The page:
The Dark Side of NFTs
Earlier this year, we talked about a new phenomenon called NFTs. As a reminder and based on the definition provided by the Cambridge dictionary, NFT (non-fungible token) is “a unique unit of data (= the only one existing of its type) that links to a particular piece of digital art, music, video, etc. and that can be bought and sold.”
While NFTs became a huge trend on the Internet, — with celebrities buying a “unique” monkey avatar or the first tweet being sold for almost $3 million, etc. — they slowly revealed a darker side, proving that this digital world is not as safe and revolutionary as we were told.
Showed as a new way to invest money, it appears that NFT are not as profitable and unique, since they do not generate any income. Plus, when you think about it, what is the point behind purchasing a piece of art that’s non-fungible when you can still find it for free on the Internet? There’s nothing to stop copies being made and spread all over social media. In the end, even if you’re the owner of the asset you bought, you do not have control over it.
It is argued that NFTs are confusing to fully understand and the lack of potential buyers is very low. It got to the point where certain companies would reach out creators by email in the hope that they would eventually start investing into NFTs.
Fraud and Art Theft
On Twitter, a vast majority of the art community voiced their concerns after seeing their artworks getting stolen and sold as NFTs on online marketplaces. Since they did not give their consent at all, artists around the world tried their best to report art thefts and to inform their followers on how NFTs are seriously damaging for their profession as creators, illustrators, etc.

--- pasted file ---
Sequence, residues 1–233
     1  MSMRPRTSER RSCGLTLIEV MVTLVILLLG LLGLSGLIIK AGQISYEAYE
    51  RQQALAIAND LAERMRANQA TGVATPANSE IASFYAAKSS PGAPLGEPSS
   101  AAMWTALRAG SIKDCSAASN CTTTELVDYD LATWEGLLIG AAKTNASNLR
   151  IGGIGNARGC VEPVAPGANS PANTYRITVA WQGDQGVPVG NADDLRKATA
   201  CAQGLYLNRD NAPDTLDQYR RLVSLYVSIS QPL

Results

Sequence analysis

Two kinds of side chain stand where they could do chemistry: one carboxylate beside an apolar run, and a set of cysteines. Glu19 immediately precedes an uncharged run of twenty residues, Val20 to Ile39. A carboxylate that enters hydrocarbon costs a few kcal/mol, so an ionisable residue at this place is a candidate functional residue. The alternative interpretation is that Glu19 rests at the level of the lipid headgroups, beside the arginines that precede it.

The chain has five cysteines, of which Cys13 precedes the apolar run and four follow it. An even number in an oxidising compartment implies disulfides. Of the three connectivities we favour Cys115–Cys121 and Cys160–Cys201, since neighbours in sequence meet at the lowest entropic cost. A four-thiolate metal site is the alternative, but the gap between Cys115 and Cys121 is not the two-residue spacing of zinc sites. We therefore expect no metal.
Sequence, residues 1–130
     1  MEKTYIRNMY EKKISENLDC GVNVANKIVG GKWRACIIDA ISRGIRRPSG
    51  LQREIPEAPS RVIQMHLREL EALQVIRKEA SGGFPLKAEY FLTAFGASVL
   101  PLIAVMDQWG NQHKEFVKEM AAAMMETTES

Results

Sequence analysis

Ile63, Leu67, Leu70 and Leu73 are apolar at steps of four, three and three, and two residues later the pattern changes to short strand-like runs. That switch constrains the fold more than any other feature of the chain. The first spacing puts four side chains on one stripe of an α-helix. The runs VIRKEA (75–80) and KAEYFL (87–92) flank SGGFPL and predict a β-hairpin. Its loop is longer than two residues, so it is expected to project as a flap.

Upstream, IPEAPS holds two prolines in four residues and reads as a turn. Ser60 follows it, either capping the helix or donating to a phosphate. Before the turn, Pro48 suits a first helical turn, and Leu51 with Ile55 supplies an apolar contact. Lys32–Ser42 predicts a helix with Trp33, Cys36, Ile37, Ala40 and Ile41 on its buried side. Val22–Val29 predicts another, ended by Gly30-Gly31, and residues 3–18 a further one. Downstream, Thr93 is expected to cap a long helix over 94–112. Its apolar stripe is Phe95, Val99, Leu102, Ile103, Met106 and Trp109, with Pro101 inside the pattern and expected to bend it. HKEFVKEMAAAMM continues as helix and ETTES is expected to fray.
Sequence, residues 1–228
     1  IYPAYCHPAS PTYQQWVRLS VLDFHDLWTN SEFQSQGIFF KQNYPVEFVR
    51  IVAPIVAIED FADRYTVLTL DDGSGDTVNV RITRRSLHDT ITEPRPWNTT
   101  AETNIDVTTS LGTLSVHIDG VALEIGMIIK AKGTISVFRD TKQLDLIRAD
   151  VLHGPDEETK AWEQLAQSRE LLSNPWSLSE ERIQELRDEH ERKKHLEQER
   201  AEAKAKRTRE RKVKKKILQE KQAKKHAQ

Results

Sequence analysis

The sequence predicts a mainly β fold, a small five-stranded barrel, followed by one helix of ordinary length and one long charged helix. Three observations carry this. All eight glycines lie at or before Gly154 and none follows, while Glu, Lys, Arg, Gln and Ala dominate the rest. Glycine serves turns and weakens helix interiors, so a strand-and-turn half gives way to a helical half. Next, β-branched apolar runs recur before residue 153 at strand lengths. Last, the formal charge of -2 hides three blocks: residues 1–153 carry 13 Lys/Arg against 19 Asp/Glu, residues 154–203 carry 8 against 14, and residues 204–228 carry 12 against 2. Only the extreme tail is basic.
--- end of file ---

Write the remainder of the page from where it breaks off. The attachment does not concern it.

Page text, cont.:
Speaking of theft, it also affects buyers/owners: some of them saw their assets disappeared after being easily hacked and there’s no authorities or measures to get everything back since it’s not tangible. Without any protections, investing in NFTs potentially means losing everything.
On paper, when you purchase a piece of art through NFT, it is supposed to assure you that you own both the token AND the original artwork. However, you could be the victim of a fraud. According to Thomas J. Brock: “A serious problem arises if someone creates an electronic image of the original work, attaches a token to it, and puts it up for sale on a virtual marketplace. Here, there is no link to the original work. The token is linked to a fraudulent reproduction.”
When you take a closer look to the creation process of cryptocurrencies, it requires mining which implies huge carbon emissions. In a nutshell, everything surrounding blockchains (NFTs, bitcoins, …) is highly unsustainable for the environment.
After reviewing all of these negative aspects of NFT, it is safe to say that its launch was perhaps premature: how do you want to attract potential investors if the system is not 100% safe and crystal clear for everyone? Plus, since we talked about it back in January 2022, it seems that the massive hype about NFT just blew away in a gust of wind. When you look at all the purchases made on online marketplaces by famous people, it is worth asking: are cryptocurrencies made for people like you and me or only for the wealthiest?
On a last note, proper authorities should get involved to insure everyone’s safety online and/or they could create a software that scans any piece of art to testify its authenticity.